Teachers and students get pretty worked up about tests these days. Many of you don’t know, but “No Child Left Behind” means that a kid who doesn’t do well on a single test may face summer school, shame, and an academic stigma. Any test taking strategies a teacher can give a child are a good idea. My favorite, besides preparing them academically, is to encourage children to get a good night’s sleep and eat a healthy breakfast. Many kids come to school sleepy and with empty stomachs or worse yet, upset stomachs due to a hasty, lousy breakfast. About three years ago I give my fifth grade class a pep talk:
“Everybody listen up. How many of you have heard about ‘home field advantage’ in sports? Do you know what that means?” (pause for answers) “Yes, you’re right. The team that is at home has an advantage. But that doesn’t mean that the field is better. It means that the players that are at home get to sleep in their own bed. They go to bed early and are rested. The other team is traveling, and so they wind up sleeping in a strange bed in a motel room and not getting enough sleep. Your homework tonight is to go to bed early. Get a good night’s sleep, and come to school rested and ready to test.” (Score one for the Teach!)
“Now, I also want you to eat a healthy breakfast. I don’t want anybody snacking on last night’s pizza. Don’t eat a few bites of some sugary cereal. I want you to drink some orange juice, apple juice, or even better, milk. Have a bowl of oatmeal with a little fruit on it, or maybe some bacon and eggs. Yogurt is a healthy breakfast. Don’t get to breakfast late and race to eat a bite of a burnt piece of toast. Have some pancakes or waffles with fruit and syrup. Eat healthy!” (Score another one for the Teach!)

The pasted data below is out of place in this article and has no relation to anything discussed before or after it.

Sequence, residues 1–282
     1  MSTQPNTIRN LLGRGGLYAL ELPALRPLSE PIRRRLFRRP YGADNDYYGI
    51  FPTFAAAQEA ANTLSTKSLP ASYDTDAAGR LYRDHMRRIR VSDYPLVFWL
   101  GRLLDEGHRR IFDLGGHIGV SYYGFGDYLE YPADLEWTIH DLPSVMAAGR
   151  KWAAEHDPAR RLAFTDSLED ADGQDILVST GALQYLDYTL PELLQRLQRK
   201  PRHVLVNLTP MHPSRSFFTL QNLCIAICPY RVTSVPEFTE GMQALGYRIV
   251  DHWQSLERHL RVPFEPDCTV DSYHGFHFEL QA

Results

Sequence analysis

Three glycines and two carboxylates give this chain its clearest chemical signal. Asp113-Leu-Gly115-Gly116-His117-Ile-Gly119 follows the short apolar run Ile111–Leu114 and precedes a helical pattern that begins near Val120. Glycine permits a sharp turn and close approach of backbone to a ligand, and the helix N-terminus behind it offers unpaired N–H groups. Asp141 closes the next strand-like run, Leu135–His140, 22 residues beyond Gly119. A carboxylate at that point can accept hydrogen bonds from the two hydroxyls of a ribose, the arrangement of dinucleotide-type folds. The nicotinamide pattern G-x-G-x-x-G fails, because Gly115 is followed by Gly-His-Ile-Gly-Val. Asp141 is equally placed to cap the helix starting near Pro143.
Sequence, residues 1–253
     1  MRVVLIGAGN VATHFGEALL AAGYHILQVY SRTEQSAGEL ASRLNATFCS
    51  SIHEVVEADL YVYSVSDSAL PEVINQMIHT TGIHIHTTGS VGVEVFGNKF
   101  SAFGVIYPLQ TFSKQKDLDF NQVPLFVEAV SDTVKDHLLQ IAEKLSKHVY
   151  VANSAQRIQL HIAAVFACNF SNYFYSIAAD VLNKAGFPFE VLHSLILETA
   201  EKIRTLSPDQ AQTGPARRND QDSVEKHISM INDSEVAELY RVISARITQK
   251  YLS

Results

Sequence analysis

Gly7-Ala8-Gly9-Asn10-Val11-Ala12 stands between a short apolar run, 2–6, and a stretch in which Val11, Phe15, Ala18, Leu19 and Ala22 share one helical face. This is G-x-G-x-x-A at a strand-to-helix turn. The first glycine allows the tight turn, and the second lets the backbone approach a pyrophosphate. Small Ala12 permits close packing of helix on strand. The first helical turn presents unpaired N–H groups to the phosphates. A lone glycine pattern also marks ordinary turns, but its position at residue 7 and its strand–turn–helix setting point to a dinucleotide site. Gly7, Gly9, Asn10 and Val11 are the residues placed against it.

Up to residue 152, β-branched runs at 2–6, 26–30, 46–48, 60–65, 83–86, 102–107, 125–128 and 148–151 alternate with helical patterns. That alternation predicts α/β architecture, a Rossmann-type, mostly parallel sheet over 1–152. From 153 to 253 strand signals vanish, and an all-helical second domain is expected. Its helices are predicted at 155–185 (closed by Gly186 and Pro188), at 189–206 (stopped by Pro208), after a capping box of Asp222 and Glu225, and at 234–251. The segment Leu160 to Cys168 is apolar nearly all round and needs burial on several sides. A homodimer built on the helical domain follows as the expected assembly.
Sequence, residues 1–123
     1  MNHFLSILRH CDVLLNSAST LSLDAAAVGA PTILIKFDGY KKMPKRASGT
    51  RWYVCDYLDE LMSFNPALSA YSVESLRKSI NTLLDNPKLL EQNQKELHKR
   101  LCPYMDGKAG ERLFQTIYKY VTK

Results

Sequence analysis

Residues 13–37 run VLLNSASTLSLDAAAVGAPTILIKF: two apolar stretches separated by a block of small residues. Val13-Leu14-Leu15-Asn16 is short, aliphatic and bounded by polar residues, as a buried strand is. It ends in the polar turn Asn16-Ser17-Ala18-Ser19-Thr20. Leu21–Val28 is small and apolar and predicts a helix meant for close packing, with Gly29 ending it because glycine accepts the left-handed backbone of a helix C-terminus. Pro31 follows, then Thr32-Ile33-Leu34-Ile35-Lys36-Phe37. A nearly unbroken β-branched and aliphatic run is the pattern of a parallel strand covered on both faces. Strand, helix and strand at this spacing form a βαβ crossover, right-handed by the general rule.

Well I was pretty satisfied with that speech. The next day, about a half hour into the all omnipotent government mandated test, Danny raised his hand. As I head over to him, I can see by the pallor of his skin that we had a problem.
“Mr. R., I feel funny. I think I’m gonna throw up.”
That would be a distracting catastrophe for the other test takers and would leave the test taking environment in nauseating condition, so I calmly yet rapidly took Danny out to the hall and told him to go to the restroom. Danny didn’t take two steps before he started blowin’ chunks. Poor Danny was spewing vomit with each step as he stumbled down the hall. I used another classroom’s phone to call for a custodian to clean up the long, wide line of earp that trailed from our classroom door all the way down the hall to the boys’ restroom, and as I go back to the hallway to check if Danny has returned, I glance down at his vomit. It is then I notice pieces of bacon, milk, oatmeal, raisins, and scrambled eggs. My curiosity is aroused and I continue down the hall examining Danny’s discharges: bits of pizza, bananas, apples, sausage, more chunks of fried eggs, toast, and what is definitely pieces of waffle, and probably the frozen kind. I find myself fascinated by the smorgasbord on the floor AND that I can distinguish what it is. It’s like Danny just ingested this stuff and it is still in pristine, undigested condition.
Here comes Danny oozin’ slowly back to the classroom, and I ask him, “Danny, what did you have for breakfast?” Danny queasily responds, “Mr. R., I ate what you told me to eat.” I asked him, “What did I ask you to eat, Danny?” He looks up at me and says, “You know, bacon and sausage, eggs, cereal, pizza, fruit, oatmeal, waffles, and orange juice and raisins with toast and jelly, and cereal with milk, but we didn’t have any yogurt so I ate some ice cream.”
I now phrase my speeches more carefully.